Chinese search-engine Baidu has seen its earnings double in the first quarter of 2011. From Forbes:
China’s Internet wave continues to roll on. Benefitting from growth in China’s Internet use and search-related advertising, search engine Baidu said this morning that net profit in the first three months of 2011 rose by 123% from a year earlier to $163.5 million.
Baidu said first-quarter revenue soared by 88.3% to $372 million.
With a majority of Chinese still not yet among the country’s population of Internet users, Baidu has “plenty of room” to continue to grow, Li said on an earnings call this morning.
Baidu’s shares were down 0.8% ahead of the report, but have gained more than 140% in the past year. The company has benefitted from what critics say have been missteps in China by Google.
And what exactly were Google’s missteps in China? All stemmed from tension between Google and the Chinese government over how it could operate in the heavy censorship of Chinese webosphere. The last straw was when Chinese hackers , believed to be backed by the government, stole sensitive information from Google Accounts. A detailed account of Google’s last five years in China, from CNN:
Google had hoped that its decision to create a search engine in the .cn domain — one that followed government rules of censorship — would lead to a level playing field. But even as Google rolled out its .cn web address, there were indications that its compromise would not satisfy the Chinese government.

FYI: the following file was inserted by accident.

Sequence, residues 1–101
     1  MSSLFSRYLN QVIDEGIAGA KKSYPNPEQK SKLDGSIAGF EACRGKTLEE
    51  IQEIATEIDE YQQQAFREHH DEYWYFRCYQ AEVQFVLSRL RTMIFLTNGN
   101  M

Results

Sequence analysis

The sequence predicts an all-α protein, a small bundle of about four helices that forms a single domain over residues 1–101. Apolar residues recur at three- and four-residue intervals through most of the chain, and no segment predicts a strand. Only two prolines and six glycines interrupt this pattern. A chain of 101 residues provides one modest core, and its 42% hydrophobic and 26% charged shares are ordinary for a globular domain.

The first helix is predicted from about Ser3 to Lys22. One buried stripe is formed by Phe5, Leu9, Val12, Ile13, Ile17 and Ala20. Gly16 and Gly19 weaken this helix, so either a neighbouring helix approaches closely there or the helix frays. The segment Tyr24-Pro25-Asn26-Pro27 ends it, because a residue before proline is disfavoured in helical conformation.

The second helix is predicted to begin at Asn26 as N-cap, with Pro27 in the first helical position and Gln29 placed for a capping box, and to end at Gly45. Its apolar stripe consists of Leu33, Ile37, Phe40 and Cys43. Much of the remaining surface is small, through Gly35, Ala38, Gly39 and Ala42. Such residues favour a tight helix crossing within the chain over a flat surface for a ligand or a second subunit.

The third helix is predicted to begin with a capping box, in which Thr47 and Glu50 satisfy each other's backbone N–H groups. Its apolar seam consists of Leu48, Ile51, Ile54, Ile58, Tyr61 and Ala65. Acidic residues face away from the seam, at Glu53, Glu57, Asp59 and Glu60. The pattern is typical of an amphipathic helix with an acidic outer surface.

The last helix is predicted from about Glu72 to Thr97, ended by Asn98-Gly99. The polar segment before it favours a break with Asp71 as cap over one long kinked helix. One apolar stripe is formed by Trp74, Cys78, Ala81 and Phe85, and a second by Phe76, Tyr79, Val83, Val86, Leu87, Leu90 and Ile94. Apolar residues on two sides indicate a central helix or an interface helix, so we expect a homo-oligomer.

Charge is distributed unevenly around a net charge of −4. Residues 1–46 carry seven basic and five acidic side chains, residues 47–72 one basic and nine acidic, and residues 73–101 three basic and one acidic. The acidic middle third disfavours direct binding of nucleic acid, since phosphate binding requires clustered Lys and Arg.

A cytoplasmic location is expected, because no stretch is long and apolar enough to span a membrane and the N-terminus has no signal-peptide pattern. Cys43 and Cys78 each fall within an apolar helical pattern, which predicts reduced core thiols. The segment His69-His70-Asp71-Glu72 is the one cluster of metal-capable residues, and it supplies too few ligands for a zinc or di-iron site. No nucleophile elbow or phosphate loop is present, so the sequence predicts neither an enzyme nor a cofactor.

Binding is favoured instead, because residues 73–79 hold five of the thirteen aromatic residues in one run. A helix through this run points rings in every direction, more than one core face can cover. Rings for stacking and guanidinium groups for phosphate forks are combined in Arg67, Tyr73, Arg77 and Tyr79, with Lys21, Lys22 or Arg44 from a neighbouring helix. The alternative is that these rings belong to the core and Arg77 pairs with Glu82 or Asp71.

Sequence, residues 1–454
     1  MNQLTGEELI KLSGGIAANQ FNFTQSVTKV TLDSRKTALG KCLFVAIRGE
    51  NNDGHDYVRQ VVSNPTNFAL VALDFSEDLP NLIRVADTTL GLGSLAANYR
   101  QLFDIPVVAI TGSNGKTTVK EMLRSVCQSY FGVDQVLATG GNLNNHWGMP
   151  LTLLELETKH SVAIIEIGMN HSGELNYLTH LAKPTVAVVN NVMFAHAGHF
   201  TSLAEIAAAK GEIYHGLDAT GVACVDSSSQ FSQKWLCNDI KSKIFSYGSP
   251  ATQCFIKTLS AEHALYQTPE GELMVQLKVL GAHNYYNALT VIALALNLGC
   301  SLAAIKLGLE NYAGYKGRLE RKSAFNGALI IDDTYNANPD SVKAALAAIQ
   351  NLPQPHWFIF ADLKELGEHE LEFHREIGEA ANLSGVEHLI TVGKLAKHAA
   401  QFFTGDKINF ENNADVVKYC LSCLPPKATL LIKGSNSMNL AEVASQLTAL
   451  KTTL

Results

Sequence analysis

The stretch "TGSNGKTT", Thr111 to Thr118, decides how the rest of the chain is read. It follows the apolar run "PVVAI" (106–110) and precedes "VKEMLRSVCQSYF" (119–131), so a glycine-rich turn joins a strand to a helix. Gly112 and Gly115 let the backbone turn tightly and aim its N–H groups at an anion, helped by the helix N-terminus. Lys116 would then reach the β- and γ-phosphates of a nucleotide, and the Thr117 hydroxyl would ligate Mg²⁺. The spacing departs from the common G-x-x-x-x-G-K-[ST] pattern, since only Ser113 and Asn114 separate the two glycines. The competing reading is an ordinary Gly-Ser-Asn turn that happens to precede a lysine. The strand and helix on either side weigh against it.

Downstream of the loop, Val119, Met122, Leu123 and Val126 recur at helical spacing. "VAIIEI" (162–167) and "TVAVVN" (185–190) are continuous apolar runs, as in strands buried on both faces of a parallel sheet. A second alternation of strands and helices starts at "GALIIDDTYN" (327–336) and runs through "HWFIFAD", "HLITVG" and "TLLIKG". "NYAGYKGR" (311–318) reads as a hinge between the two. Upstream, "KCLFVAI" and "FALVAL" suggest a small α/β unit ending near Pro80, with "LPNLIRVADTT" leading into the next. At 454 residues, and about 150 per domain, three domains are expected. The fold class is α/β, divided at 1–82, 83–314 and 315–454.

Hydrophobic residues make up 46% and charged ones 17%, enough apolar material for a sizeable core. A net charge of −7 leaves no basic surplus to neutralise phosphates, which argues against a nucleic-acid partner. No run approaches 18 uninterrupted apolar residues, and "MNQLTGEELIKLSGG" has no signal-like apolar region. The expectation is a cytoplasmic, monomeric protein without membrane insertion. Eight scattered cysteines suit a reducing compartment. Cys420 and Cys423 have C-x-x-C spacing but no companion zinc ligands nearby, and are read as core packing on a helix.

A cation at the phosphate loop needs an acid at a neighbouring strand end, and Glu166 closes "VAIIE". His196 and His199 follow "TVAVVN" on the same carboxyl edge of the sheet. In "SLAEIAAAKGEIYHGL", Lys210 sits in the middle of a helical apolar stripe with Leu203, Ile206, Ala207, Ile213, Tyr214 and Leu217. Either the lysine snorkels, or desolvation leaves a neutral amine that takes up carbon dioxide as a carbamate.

For all the progress, some Google executives were beginning to think that its great China compromise wasn’t working. A turning point came in 2008, the year China hosted the Olympics. In the run-up to its turn in the international spotlight, China apparently decided to increase its restrictions. It demanded that in addition to censoring the .cn results, Google purge objectionable links from the Chinese-language version of Google.com. That, of course, was unacceptable to Google — it would mean that it was acting as an agent of repression for Chinese-speaking people all over the world, including in the U.S. Other search engines, including Microsoft’s, agreed to such demands. But Google stalled, hoping that after the Olympics the Chinese would back off. They did not. The demands for censorship became broader and more frequent.
Just before Christmas 2009, Google’s information security manager Heather Adkins learned that she would fall short on her annual “don’t get hacked” internal goal. Google’s monitoring system had detected a break-in of Google’s computer system, and some of the company’s most precious intellectual property had been stolen. The hack was geographically tied to China — and both the sophistication of the attack and the nature of its targets pointed to the government itself as an instigator of or a party to the attack.
Brin took the incident personally. Insiders observed he was much less perturbed by the theft of Google’s intellectual property than the fact that his company had unwittingly been a tool used to identify and silence critics of a repressive government. Brin wanted the incident to be the catalyst to the action that he and others had been urging since 2008: Google should stop censoring. He was passionate in his insistence.